Today’s indictment replaces the charges that were brought in September 2008 against 25 alleged Latin Kings leaders, including Garcia, then the Regional Officer or top leader of the 26th Street Region, a regional enforcer and 18 Incas (section leaders), who were charged with conspiracy to possess and distribute cocaine in United States v. Vicente Garcia, et al., 08 CR 746. Since then, 13 of those defendants have pleaded guilty and all are named as co-conspirators in the new indictment. The remaining 12 defendants are facing the same and, in some cases, additional charges in the new indictment. They are: Vicente Garcia, Valentin Baez, Alphonso Chavez, Juan DeJesus, Danny Dominguez, Luis Garcia, Samuel Gutierrez, Jose Guzman, Polin Lopez, Javier Ramirez, Wilfredo Rivera, Jr., and Fernando Vazquez. Of these defendants, Vicente Garcia, Chavez, DeJesus, Luis Garcia, Guzman and Rivera are in federal custody; Gutierrez, Lopez and Ramirez are on bond; and Baez, Dominguez and Vazquez are fugitives. The new defendants are Zambrano, Fernando King, 39, of Chicago, alleged to be the gang’s “Supreme Regional Officer” who reported only to Zambrano, and Ruben Caquias, Ernesto Grimaldo, Nedal Issa and Felipe Zamora. King and Issa are also in federal custody.
The indictment includes the previous charges alleging that the 12 remaining original defendants, many of them leaders of the 24 sections that comprised the 26th Street Region, conspired in late 2007 to sell a quarter-ounce of powder cocaine twice a month to fund the “Nation Box,” a kitty that the regional hierarchy used to purchase weapons, narcotics, and pay for funeral and attorney fees for fellow gang members. Located along 26th Street, a main east-west thoroughfare, the region is bounded roughly by Fairfield Avenue (east) to Millard Avenue (west), and 21st Street (north) to 33rd Street (south). The region’s 24 sections are typically named after a street or intersection, with each section having its own leadership and “soldiers,” ranging between approximately 12 to 80 individuals, according to the indictment.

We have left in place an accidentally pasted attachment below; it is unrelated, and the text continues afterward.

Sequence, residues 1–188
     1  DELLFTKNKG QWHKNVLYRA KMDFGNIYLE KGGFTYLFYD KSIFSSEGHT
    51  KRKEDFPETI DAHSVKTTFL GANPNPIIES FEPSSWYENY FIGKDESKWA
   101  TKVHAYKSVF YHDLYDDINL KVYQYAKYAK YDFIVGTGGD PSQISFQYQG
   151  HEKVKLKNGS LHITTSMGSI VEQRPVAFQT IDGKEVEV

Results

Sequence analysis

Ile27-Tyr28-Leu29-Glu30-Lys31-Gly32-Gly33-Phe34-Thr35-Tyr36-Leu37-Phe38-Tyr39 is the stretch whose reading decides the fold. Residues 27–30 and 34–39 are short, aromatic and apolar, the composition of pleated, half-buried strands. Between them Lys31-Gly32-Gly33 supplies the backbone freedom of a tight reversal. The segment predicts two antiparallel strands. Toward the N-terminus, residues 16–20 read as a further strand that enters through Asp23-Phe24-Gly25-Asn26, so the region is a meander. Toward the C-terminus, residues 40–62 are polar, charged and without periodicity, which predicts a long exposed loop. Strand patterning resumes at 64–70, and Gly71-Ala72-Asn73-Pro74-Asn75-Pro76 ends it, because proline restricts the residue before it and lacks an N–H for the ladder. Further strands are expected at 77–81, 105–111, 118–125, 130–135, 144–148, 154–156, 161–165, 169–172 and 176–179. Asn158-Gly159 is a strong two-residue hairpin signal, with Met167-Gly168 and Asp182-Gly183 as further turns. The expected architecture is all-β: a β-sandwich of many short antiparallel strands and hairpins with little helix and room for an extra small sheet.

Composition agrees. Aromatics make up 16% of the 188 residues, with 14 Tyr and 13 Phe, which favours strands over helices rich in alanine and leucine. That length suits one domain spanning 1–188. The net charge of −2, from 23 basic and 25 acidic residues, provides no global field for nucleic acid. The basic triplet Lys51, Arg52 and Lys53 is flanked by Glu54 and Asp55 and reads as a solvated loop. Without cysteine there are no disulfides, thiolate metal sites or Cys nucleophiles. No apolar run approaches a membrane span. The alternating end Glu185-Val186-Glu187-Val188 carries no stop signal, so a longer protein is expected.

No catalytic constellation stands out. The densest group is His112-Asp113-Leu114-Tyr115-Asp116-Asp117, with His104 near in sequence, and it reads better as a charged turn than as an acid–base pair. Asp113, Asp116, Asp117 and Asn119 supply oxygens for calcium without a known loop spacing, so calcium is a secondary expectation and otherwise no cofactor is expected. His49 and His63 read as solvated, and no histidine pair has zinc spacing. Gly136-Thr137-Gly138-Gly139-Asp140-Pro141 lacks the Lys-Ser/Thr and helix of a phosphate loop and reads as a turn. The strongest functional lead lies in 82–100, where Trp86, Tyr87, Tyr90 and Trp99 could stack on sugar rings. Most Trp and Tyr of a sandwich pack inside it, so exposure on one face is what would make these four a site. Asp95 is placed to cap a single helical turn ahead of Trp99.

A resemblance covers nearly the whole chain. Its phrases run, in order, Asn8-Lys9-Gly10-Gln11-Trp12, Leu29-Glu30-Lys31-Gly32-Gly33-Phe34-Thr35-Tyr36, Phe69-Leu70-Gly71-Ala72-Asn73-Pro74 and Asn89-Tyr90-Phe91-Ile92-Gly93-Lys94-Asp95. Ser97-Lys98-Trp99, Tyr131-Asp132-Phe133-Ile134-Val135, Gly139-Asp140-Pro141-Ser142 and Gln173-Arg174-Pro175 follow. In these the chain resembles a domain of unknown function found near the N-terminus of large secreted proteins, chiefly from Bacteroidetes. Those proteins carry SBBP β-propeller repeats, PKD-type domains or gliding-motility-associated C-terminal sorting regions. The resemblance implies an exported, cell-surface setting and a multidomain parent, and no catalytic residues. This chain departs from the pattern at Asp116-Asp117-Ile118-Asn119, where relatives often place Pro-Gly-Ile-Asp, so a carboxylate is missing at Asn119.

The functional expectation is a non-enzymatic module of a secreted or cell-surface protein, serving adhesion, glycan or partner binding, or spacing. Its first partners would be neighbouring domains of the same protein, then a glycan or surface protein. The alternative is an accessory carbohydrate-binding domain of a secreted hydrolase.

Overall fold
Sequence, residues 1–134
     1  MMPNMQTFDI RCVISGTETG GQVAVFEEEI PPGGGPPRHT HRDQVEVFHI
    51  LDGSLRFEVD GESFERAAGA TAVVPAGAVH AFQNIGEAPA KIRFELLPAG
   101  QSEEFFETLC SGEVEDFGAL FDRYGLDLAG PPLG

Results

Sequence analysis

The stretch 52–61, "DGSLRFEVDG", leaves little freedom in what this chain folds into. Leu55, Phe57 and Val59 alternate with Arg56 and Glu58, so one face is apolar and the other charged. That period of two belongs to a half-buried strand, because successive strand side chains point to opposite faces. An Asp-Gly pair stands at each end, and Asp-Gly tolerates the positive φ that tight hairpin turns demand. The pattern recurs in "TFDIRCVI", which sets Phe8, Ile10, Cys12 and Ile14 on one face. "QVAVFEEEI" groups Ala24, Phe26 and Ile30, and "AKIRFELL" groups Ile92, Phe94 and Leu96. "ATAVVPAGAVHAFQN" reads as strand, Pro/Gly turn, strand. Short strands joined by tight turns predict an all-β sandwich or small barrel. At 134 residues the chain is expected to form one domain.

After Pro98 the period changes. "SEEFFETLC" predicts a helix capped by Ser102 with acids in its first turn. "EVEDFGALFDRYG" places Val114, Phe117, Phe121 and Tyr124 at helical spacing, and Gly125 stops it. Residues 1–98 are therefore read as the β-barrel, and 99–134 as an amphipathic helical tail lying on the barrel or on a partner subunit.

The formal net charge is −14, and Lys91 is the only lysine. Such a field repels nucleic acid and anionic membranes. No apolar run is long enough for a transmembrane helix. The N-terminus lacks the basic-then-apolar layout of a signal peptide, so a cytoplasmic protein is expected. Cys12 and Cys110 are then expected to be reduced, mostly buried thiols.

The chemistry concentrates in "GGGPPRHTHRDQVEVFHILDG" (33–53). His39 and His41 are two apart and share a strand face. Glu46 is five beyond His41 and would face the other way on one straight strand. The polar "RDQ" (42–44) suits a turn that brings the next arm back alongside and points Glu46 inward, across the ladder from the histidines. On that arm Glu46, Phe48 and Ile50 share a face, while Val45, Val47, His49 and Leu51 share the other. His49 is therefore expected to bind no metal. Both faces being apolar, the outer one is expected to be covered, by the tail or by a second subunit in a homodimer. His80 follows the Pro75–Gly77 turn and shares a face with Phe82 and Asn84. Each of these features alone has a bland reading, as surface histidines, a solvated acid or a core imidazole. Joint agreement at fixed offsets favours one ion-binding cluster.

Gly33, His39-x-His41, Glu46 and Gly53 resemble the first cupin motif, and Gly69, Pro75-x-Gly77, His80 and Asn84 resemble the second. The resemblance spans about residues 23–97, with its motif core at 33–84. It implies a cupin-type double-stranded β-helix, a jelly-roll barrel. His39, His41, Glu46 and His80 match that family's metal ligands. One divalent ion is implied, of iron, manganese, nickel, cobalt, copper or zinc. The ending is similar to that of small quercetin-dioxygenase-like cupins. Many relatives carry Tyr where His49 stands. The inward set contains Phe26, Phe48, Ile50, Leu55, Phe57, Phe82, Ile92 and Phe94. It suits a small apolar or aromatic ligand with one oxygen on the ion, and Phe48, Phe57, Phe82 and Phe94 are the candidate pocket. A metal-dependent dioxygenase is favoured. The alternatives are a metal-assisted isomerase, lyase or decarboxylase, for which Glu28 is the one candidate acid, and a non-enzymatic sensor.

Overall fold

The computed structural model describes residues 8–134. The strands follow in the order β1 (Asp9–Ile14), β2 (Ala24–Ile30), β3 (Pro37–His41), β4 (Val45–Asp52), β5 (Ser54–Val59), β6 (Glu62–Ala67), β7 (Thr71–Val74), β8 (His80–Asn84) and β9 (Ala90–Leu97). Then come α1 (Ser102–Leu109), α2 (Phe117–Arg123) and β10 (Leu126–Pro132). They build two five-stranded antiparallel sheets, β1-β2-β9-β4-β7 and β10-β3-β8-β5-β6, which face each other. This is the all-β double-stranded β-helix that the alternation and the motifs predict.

The racketeering conspiracy count charges 15 of the defendants with engaging in pattern of illegal activity since 2000, including drug trafficking, extortion, obstruction of justice, witness tampering, murder, attempted murder, and solicitation to commit murder, and intimidation. No specific murders are alleged in the indictment but it does allege assault with a dangerous weapon or attempted murder of at least five unnamed victims. As part of the racketeering conspiracy, defendants and their associates allegedly:
* conducted the gang’s affairs through a series of laws and policies, some of which were codified in a constitution and a series of laws. The rules included a three-page list of 25 rules establishing procedures for homicides, “security,” and the sale of counterfeit identification documents;
* attended regular meetings, known as “demos”—or, when held by Nation officers, “Nation demos”—at which they discussed, planned, and otherwise engaged in criminal activity, including murder, attempted murder, narcotics distribution, and obstruction of justice;
* initiated members by causing them to endure physical assaults conducted by other members at various gang-related gatherings;
* engaged in a system of “violations” in which they and others enforced discipline and the rules by attempting murder, conspiring to murder, physically beating and threatening those members who violated rules, questioned authority, or posed a threat to the leaders or purposes of the gang;